In the photo to the right we see the TTPB leadership who made this decision. Even if maintaining this delicate balance is the only way to preserve history, eventually it's bound to go wrong. The 4 cadets weren't even able to arrest Dolnero and the others yesterday. Does the TTPB have some kind of other strategy and throwing these 4 away like this? If not, then their decision is allowing the criminals to remain in the 20th century while 4 of their cadets die, which seems like a pretty terrible decision... Even considering that we need these 4 to stay in the 20th century for the sake of the story, the scenario seems even crueler than the writers probably intended it to be.

It's a helpless situation for everyone, but Sion stays positive, saying "I'm fine as long as I'm with you all." Even when Domon and Ayase start fighting, Sion breaks it up again, saying "Let's capture Dolnero and his gang." Maybe Sion can be so positive since he has nothing left behind in the 30th century. We can guess that whatever happened in the lab and his clinical interactions with the staff there is what's formed his identity up until now. If he had some attachment to that, he wouldn't have choosen to leave the lab, which was all he knew, in the first place. To the contrary, he chose to join the TTPB to run away from that situation, and is in the 20th century with nothing to lose in the 30th century, so has no reason to want to return. Throughout the series, unlike the others, he never mentions his life in the 30th century, and in fact, it's likely that in the 20th century, the planet Hubbard still exists.

Tatsuya, who had secretly been listening in, appears before the 4 in this desparate situation and announces himself as their ally. All five of them have had their personal freedom restricted and been forced to obey, denying their own wills. "You can't change the future, but you can still change your tomorrow. The one who decides what you'll do in the moment is you." A powerful expression that one holds power over one's own life. This phrase, which becomes a keyword in the series, moves the 4 to action, shaking Domon out of his stubborn pessimism, softening Yuuri's, who had been struggling to remain strong, expression, and offering a message of hope for Ayase's life itself. For Sion, it means having friends for the first time. Tatsuya is acknowledged as a member and officially given his own Chrono Changer. What had seemed like a rut seems like the movement of destiny and a call to action.

Jekkar, who looks suspiciously similar to the Pokemon Chesnaught, waits in the designated collection spot, the same port that always seems to show up in Sentai series, already having received five billion (!!) yen, definitely a considerable sum. These shipping containers famously served as the backdrop for many Sentai battles up to the 00s. The police assemble at the port, and the forcefully dramatic performance of the defective is one of the highlights of the episode, so be sure not to miss it. Jekkar lives up to his reputation as a bomber, pelleting the police with bombs and turning the port into an inferno...! It's at that moment that Tatsuya appears, handing over the suitcase with 100 million yen, which should mean that the building doesn't need to be blown up. However, Jekkar breaks his promises and detonates the bombs...! However!! In fact, Tac used the criminal database to identify Jekkar's method, and Tatsuya and the others have already collected all the bombs in the very suitcase that they just handed to Jekkar!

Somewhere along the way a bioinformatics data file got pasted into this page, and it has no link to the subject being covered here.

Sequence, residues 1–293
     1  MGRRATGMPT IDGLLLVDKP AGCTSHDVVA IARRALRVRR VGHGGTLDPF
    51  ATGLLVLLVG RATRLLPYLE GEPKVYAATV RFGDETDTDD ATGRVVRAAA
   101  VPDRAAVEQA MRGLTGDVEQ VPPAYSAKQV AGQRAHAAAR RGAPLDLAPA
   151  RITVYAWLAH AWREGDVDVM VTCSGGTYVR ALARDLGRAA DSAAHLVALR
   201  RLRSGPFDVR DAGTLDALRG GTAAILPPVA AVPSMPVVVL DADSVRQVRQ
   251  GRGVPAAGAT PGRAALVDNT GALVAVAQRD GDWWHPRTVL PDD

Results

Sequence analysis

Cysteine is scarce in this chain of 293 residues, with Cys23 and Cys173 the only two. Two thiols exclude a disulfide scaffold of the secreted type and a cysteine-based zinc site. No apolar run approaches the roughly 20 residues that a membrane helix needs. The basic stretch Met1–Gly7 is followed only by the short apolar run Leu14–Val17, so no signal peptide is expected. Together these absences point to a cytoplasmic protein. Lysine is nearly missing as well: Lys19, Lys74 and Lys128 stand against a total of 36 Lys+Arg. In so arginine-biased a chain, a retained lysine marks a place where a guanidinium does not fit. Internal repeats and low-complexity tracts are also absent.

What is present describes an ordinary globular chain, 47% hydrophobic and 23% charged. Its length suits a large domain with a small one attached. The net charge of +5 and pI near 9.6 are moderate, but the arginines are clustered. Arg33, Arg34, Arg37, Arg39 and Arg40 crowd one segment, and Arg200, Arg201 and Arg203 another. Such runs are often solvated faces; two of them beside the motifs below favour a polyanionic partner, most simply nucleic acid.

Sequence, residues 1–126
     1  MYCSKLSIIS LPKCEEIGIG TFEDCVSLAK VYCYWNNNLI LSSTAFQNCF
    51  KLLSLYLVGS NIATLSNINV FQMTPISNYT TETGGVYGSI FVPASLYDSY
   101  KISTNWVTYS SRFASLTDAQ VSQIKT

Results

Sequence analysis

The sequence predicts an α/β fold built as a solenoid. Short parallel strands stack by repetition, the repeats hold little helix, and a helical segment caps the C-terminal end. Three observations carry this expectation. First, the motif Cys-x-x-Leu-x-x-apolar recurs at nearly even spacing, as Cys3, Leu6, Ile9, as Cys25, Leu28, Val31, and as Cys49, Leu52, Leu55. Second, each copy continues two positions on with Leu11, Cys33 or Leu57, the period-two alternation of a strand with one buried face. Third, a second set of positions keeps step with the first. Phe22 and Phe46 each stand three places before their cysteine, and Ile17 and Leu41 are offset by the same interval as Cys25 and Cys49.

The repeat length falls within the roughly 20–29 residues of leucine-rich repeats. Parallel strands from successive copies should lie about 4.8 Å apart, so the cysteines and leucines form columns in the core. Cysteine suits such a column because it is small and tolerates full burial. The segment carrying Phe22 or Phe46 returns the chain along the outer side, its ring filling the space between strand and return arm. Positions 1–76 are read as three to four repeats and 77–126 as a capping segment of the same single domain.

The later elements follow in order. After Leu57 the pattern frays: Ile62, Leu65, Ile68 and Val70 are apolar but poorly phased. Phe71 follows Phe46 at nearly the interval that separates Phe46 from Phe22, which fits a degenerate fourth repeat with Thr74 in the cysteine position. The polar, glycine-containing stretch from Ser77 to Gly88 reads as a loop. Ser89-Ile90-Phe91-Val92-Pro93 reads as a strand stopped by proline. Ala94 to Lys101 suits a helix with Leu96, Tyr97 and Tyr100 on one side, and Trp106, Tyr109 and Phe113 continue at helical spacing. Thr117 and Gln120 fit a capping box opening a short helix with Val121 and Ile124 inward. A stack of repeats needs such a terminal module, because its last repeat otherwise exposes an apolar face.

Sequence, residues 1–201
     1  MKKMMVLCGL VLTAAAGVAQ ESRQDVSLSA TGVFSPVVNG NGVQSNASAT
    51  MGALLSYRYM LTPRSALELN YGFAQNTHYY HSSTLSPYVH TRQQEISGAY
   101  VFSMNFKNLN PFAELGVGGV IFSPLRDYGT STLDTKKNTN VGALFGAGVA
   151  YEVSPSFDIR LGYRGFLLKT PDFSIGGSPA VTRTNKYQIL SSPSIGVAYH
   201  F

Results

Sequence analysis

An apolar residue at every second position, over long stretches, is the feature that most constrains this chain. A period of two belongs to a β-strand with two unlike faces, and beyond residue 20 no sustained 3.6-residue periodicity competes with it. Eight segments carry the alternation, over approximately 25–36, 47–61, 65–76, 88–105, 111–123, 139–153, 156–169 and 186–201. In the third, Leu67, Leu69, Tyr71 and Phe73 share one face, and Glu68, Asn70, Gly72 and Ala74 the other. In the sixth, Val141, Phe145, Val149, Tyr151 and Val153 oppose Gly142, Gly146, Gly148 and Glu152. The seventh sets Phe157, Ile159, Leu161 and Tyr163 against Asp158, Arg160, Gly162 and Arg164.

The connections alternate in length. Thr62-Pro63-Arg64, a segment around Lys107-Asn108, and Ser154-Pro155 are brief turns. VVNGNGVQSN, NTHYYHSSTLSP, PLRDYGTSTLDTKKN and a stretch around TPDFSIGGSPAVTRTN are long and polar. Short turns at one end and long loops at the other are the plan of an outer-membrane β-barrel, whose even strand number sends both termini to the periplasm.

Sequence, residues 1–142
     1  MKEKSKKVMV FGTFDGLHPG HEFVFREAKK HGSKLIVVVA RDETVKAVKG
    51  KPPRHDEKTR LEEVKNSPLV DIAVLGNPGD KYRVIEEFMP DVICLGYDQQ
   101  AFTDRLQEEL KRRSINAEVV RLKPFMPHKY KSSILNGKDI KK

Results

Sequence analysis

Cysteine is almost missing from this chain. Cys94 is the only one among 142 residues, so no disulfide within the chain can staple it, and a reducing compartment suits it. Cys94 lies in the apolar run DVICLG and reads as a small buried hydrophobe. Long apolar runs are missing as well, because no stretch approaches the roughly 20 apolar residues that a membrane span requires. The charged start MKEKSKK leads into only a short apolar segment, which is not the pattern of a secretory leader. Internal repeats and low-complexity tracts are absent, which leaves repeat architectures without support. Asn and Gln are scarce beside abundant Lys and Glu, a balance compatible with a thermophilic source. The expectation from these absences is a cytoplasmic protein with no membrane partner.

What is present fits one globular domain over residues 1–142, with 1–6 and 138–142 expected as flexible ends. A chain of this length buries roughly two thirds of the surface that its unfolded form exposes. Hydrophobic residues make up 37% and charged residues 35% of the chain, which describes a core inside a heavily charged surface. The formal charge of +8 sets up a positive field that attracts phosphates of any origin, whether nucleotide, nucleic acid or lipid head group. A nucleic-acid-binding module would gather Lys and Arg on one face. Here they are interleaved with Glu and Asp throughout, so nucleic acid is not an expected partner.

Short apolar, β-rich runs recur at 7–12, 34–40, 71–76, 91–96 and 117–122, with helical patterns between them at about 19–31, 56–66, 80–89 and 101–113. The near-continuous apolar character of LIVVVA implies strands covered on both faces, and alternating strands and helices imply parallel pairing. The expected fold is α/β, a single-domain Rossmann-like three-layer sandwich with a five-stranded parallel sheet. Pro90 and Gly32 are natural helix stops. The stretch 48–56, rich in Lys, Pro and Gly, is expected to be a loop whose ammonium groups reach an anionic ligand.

Responding to Yuuri's "Ready?," the 4 eagerly reply with "Yeah!" The rangers always throw their clothes off when they transform, but in the next moment they've always disappeared... Let's assume that when they transform into Timerangers their clothes get sucked up into spacetime. And we get some more Mat*ix-like effects too. In this transformation space, everyone changes into fighting stance and gets really buff and into taut shape. Looking at this article on the official site through the Wayback Machine, combining live action footage shot with 3 cameras and 3D animation. Something that now could easily be done through software at the time involved the effort and creativity of many people, and this seconds long sequence evokes nostalgia for that era. The 5 are having a hard time taking down Jekkar. Here in Chapter 2 we encounter the phenomenon of the enemies becoming huge, apparently a side effect of compression freezing, which is called "rebound." One tends to think that compression freezing should be avoided with such a side effect, but maybe the incarceration methods we know just aren't feasible with so many alien prisoners with special powers. Jekkar's not only massive, but floating...! He's a really strong enemy for their first monster battle. I briefly mentioned it at the beginning, but there's actually a reason for this. Of course, they don't stand a chance against giant-Jekkar, and Tokyo itself is on the verge of destruction! Tac makes a futile attempt to contact the TTPB's provider base and activate the emergency system, but of course gets no response. The TTPB has given up on them. It seems like a death sentence... until somehow, someone activates the emergency system. This is a moment that changed history!! This means there's someone who made the decision to send the Time Jet at the risk of changing history, but TTPB as an organization wouldn't make that decision, right? It means that history leading up to the 30th century in which this person is living will gradually start to change. It's not clear who it is, but there's no guarantee that it isn't this instant alien from Chapter 1.